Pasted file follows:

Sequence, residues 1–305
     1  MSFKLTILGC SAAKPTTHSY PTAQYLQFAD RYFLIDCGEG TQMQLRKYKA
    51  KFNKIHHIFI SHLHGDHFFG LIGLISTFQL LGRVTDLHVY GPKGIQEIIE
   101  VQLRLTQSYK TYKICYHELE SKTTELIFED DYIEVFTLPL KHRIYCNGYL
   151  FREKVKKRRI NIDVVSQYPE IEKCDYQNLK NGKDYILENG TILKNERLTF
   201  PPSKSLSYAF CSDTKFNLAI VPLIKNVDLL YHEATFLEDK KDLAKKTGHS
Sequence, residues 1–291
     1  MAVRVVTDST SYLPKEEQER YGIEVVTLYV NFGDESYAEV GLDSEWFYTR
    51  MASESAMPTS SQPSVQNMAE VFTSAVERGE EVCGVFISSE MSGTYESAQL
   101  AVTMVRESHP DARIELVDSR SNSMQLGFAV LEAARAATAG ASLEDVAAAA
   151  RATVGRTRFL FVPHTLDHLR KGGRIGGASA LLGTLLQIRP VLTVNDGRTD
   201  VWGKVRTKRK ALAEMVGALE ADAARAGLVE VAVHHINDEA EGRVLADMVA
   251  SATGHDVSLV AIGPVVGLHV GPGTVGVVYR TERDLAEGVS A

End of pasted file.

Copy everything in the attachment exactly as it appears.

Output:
Sequence, residues 1–305
     1  MSFKLTILGC SAAKPTTHSY PTAQYLQFAD RYFLIDCGEG TQMQLRKYKA
    51  KFNKIHHIFI SHLHGDHFFG LIGLISTFQL LGRVTDLHVY GPKGIQEIIE
   101  VQLRLTQSYK TYKICYHELE SKTTELIFED DYIEVFTLPL KHRIYCNGYL
   151  FREKVKKRRI NIDVVSQYPE IEKCDYQNLK NGKDYILENG TILKNERLTF
   201  PPSKSLSYAF CSDTKFNLAI VPLIKNVDLL YHEATFLEDK KDLAKKTGHS
Sequence, residues 1–291
     1  MAVRVVTDST SYLPKEEQER YGIEVVTLYV NFGDESYAEV GLDSEWFYTR
    51  MASESAMPTS SQPSVQNMAE VFTSAVERGE EVCGVFISSE MSGTYESAQL
   101  AVTMVRESHP DARIELVDSR SNSMQLGFAV LEAARAATAG ASLEDVAAAA
   151  RATVGRTRFL FVPHTLDHLR KGGRIGGASA LLGTLLQIRP VLTVNDGRTD
   201  VWGKVRTKRK ALAEMVGALE ADAARAGLVE VAVHHINDEA EGRVLADMVA
   251  SATGHDVSLV AIGPVVGLHV GPGTVGVVYR TERDLAEGVS A